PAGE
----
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General Discussion > Valancourt Goes International

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Valancourt Books (valancourt_books) | 900 comments Mod
We're in the process of putting together something exciting, starting in early 2019: a new Valancourt series dedicated to neglected classics in other languages. The first two titles are both from Belgium: Felix Timmermans' 1910 collection of gloomy and Gothic tales Intimations of Death, translated by today's foremost Dutch translator, Paul Vincent, and Hubert Lampo's 1960 novel The Coming of Joachim Stiller, a classic of magical realism and the supernatural in which a journalist finds himself menaced by the strange Joachim Stiller, who may be a modern-day madman, a 16th-century religious heretic, a man killed in a WWII bombing raid, or all of the above.

description

Future titles in the series will reflect Valancourt's commitment to publishing neglected classics, horror/supernatural fiction, and LGBT-interest titles. As always, suggestions or requests are welcome and appreciated. You can recommend titles via our website, Facebook page, or here on Goodreads.


message 2: by Nancy (new)

Nancy Oakes (quinnsmom) | 296 comments I can't wait. Seriously ... cannot .... wait.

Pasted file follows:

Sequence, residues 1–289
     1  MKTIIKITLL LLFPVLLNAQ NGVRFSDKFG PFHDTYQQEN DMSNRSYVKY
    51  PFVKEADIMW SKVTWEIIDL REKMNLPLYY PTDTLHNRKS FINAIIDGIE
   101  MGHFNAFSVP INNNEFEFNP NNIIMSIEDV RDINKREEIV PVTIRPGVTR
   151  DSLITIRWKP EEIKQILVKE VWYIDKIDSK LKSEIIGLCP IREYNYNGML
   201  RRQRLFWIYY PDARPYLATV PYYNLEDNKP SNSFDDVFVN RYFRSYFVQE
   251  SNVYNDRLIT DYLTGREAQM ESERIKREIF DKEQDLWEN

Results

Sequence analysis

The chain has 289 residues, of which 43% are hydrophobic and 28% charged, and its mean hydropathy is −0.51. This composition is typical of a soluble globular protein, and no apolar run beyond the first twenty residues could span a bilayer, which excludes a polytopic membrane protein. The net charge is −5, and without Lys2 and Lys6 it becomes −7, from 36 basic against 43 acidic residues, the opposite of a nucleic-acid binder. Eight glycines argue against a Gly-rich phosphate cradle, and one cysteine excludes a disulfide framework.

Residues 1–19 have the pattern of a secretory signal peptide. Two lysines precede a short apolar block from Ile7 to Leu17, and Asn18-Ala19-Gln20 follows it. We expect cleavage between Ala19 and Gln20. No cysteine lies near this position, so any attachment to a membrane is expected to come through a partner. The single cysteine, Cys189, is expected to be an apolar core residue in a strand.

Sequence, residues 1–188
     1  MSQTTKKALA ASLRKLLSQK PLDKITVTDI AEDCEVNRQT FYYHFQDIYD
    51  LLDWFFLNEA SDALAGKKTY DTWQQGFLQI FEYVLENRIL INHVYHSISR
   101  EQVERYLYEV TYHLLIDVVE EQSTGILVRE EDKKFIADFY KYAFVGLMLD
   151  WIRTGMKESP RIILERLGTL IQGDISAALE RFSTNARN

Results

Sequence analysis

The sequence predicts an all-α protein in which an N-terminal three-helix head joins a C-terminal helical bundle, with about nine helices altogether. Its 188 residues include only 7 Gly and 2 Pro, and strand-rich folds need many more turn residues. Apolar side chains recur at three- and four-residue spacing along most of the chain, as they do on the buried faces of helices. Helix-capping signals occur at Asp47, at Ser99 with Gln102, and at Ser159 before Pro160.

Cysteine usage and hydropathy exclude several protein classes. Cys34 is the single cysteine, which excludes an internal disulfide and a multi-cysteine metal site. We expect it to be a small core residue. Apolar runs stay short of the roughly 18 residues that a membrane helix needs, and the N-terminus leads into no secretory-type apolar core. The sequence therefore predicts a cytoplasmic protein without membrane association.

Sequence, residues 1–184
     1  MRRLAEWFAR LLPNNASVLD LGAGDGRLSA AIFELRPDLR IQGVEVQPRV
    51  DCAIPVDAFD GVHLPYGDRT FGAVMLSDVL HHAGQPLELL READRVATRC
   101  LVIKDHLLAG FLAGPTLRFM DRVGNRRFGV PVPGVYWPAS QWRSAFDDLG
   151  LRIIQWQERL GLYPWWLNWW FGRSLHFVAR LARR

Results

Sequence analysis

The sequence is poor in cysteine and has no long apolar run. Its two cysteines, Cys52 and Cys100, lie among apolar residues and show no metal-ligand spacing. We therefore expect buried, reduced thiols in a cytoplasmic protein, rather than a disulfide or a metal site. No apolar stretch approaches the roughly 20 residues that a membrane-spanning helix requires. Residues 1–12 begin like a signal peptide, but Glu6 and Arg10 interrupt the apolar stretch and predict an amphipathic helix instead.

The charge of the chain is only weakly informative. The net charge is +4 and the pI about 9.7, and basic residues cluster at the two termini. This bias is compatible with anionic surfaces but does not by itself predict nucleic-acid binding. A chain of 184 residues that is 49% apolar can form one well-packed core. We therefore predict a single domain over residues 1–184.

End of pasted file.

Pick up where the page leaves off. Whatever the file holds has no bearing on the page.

This is great!!


message 3: by Joseph (new)

Joseph | 1 comments Valancourt Books wrote: "We're in the process of putting together something exciting, starting in early 2019: a new Valancourt series dedicated to neglected classics in other languages. The first two titles are both from B..."

Really exciting news! Will the titles be available internationally?


message 4: by Maria (new)

Maria | 1 comments This sounds really interesting :)


message 5: by Char (new)

Char  | 330 comments Very cool! Congratulations, you guys!


Valancourt Books (valancourt_books) | 900 comments Mod
Joseph wrote: "Valancourt Books wrote: "We're in the process of putting together something exciting, starting in early 2019: a new Valancourt series dedicated to neglected classics in other languages. The first t..."

They should all be available worldwide. At least that's the plan!


message 7: by Marie-Therese (new)

Marie-Therese (mariethrse) | 4 comments Really looking forward to these!


message 8: by Kimberly (new)

Kimberly (kimberly_3238) | 372 comments Great news!!!


message 9: by Sirensongs (new)

Sirensongs | 11 comments This is a super exciting development! Yet another reason to love Valancourt Books!


message 10: by Brucifer (new)

Brucifer | 7 comments I LOVE this development! I'll definitely be purchasing both forthcoming titles. As for suggestions, Flemish/Belgian fiction seems to be a goldmine of horror and the supernatural. Authors whose work I'd love to see in this series: Jean Ray, Franz Hellens, and Thomas Owen. Many thanks!!!!!